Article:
Sunday, November 25, 2012

A reverse mortgage can add up

Question: My wife and I are in our 60s, our house is paid off and we have no plans to move. What do you think about a reverse mortgage?

—Dave Cole,


Answer: Reverse mortgages are available to homeowners age 62 and older. The mortgage relationship is reversed; the mortgage company pays you every month and then gets its principal plus interest back when your heirs sell the house. You are essentially drawing on your home’s equity while still living in it.

Typically, the loan doesn’t need to be repaid until after your death. If the house sells for more than the loan balance, your heirs keep the difference.

Reverse mortgages are expensive. You pay a loan origination fee, closing costs and insurance. If you fail to maintain your property and pay homeowner’s insurance and taxes, you risk foreclosure.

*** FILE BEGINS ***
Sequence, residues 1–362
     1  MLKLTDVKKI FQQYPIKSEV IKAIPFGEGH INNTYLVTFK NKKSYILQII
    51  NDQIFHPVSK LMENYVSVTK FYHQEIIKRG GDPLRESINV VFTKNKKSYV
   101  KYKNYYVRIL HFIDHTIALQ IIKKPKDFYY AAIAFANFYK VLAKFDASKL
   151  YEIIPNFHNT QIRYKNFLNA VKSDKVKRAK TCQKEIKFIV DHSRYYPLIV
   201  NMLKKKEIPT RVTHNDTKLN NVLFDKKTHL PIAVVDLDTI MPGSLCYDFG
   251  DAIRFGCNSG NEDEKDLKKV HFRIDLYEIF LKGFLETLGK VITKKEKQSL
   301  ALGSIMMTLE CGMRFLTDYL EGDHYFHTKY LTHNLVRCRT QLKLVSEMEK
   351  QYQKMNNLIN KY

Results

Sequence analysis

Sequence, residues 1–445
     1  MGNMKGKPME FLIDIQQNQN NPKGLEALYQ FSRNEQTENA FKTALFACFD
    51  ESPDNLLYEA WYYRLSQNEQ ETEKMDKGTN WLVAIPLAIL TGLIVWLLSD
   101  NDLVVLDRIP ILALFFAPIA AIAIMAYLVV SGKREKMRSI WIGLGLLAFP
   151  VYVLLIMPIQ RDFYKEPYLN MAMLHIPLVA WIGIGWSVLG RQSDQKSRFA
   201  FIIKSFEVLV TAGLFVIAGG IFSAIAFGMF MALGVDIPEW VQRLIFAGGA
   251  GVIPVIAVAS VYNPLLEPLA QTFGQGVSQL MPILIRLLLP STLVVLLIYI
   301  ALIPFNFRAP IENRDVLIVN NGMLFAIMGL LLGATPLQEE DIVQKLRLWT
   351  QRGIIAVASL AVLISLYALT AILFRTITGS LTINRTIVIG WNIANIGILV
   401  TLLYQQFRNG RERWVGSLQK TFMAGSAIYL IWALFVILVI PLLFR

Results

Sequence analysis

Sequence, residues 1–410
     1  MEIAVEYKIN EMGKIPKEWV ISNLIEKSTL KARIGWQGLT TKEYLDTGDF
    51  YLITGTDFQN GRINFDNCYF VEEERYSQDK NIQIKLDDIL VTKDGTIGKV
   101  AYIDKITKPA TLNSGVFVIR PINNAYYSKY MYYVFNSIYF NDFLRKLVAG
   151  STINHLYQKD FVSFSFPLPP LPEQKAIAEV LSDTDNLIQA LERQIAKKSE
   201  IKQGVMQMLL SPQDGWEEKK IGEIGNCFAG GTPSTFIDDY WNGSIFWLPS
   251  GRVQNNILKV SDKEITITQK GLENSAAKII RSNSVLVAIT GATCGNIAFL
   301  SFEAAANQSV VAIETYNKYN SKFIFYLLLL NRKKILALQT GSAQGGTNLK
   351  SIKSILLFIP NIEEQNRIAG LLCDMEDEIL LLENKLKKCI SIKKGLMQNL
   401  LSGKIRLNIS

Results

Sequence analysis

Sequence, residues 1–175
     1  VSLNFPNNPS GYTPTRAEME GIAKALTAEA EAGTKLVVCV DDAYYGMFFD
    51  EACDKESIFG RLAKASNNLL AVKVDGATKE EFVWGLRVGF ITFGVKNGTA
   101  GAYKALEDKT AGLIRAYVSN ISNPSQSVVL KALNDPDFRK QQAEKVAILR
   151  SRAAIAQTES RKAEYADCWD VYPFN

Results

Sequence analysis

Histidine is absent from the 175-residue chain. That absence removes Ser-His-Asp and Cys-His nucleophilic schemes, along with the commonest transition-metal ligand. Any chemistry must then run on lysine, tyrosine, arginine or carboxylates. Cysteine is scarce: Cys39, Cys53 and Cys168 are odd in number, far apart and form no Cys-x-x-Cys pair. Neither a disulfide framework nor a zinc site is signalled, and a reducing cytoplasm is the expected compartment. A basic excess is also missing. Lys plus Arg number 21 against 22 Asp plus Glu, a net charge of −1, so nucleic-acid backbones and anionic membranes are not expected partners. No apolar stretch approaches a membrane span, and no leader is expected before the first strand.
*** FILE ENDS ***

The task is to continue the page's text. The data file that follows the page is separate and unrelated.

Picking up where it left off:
Consumer Reports estimates that 54,000 reverse mortgages are in default, mostly due to homeowners’ inability to pay taxes and insurance. Before you call any lender, talk with a counselor approved by the U.S. Department of Housing and Urban Development. It’s free, and counseling is required by law to get these loans.

The counselor can help you figure out if you qualify and if a reverse mortgage is right for you.

By Dave Cherry Calll 12 for Action Mon Nov 12, 2012 A reverse mortgage can add up

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